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Why kids don’t need to be the best

Why kids don't need to be the best
Why kids don't need to be the best

From the moment they are born, we ask them to be the best: speak early, learn to read first, show how much English they know. Be the best, always the best. Get the best grades, get the judo black belt, be the top scorer in every game … We don’t realize it, but we do it. Just ask … and your friend … what grade did your friend get. Why kids don’t need to be the best.

But kids don’t need to be the best. What they need is to be happy. Experts warn of the danger of this education based on competitiveness. The result can be devastating for the child.

Why you should not educate your child to be the best, but happy

Children are born with a gift. There is always something that will shine. A gift that will make you special, unique. You don’t have to demand that you be the best at everything. The best in math, in art, in all sports … He doesn’t have to be the best, he just has to be happy.

Educators and psychologists raise the alarm: making a child competitive and demanding that he be the best can cause him all these problems:

  1. Frustration: Constant competition creates nothing but frustration and stress, because you will not always get what you set out to do. Demanding too much of a child makes him feel like he is letting himself and his parents down. And the worst: these children will grow up with a constant fear of failure.
  2. Low self-esteem: If a father is constantly demanding that his son be the best in everything, the only thing he gets is that he does not trust his possibilities. It is normal: he tries hard but they demand more and more … that is, the child will end up thinking that he is not capable of achieving what his parents demand because he never becomes perfect.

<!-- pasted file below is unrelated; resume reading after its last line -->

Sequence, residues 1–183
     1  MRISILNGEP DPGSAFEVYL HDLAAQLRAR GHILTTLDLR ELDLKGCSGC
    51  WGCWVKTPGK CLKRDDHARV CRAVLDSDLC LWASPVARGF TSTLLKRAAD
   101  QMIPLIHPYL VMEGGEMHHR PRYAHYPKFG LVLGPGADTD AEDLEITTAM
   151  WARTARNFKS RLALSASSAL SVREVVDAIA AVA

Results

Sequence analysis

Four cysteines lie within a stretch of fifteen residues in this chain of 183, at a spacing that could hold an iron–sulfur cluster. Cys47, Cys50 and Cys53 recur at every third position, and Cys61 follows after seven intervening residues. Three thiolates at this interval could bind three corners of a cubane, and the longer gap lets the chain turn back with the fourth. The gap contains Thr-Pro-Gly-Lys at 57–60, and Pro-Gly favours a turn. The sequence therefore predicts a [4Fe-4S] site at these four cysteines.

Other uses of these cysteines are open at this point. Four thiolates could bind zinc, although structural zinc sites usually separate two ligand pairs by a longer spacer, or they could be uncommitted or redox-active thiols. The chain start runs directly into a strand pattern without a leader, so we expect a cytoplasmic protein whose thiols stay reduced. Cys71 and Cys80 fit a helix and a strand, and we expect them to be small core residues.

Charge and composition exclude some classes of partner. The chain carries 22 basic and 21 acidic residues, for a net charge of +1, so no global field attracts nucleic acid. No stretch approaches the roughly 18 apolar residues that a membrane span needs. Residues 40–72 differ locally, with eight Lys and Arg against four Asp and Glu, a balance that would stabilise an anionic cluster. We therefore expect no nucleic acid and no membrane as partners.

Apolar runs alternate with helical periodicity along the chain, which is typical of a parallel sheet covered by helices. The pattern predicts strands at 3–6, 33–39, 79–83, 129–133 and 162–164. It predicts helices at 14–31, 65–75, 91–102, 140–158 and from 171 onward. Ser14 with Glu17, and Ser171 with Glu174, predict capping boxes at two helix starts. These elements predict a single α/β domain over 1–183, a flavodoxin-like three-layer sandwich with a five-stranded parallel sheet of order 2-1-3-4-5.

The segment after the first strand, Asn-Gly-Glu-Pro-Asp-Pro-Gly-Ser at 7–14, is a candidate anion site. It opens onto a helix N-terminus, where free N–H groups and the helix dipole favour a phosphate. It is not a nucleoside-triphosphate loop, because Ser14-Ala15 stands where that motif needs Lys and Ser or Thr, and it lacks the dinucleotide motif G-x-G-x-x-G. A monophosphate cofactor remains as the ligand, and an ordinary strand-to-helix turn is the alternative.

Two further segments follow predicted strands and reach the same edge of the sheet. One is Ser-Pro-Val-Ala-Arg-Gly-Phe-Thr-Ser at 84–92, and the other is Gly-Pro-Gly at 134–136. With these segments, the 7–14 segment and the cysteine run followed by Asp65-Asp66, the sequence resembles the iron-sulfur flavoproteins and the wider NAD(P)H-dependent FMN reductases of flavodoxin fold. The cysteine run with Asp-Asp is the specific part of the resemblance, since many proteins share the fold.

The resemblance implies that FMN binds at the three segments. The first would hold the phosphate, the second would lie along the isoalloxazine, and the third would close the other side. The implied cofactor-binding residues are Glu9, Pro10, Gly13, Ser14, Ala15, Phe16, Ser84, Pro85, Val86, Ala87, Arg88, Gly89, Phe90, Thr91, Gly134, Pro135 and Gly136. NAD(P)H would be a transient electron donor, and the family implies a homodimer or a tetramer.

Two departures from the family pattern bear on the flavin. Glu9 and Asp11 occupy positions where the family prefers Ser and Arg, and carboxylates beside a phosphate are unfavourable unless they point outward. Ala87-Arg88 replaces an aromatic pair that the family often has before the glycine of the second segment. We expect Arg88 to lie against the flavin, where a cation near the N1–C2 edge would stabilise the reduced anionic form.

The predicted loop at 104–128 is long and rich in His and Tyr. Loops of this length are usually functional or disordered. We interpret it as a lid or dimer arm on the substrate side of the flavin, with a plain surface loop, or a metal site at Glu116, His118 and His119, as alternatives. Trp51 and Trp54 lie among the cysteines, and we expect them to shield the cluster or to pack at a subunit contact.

3. Mistrust: Competitiveness creates mistrust in others. And it also takes away the freedom to live their childhood to the fullest.
  4. Loss of values: It is difficult to compete with others without falling into feelings such as jealousy, anger, fear. Many times, the child will end up sacrificing positive values ​​such as companionship or solidarity in pursuit of their benefits.
  5. Unhappiness: In the end, a child who spends the day competing with the rest is not happy. It is something that has been imposed on him, not that he has sought. It is not his path: it is the path that his parents have traced for him. Can a child be happy without feeling free to choose his own path? Can a child be happy without enjoying what he learns at his own pace?

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How to educate the child to be happy

Remember: educate your child to be happy, not to be the best. How?

  1. Help him enjoy what he likes and make the best of himself, discovering what he excels at or what he likes the most.
  2. Help him fulfill his dreams, not yours.
  3. Let him live his childhood as a child, not as an adult. If you insist that he compete from a young age, he will grow up as an emotionally troubled and empty adult.
  4. Don’t give him everything done. Let him learn from his mistakes. This will increase your self-confidence.
  5. Teach him to overcome his frustrations. Let nothing stop you. Explain that he will stumble on the way and that he must get up again to continue on the way.
  6. Teach him values ​​that will fill his life and will undoubtedly bring him happiness. For example, kindness, solidarity or empathy.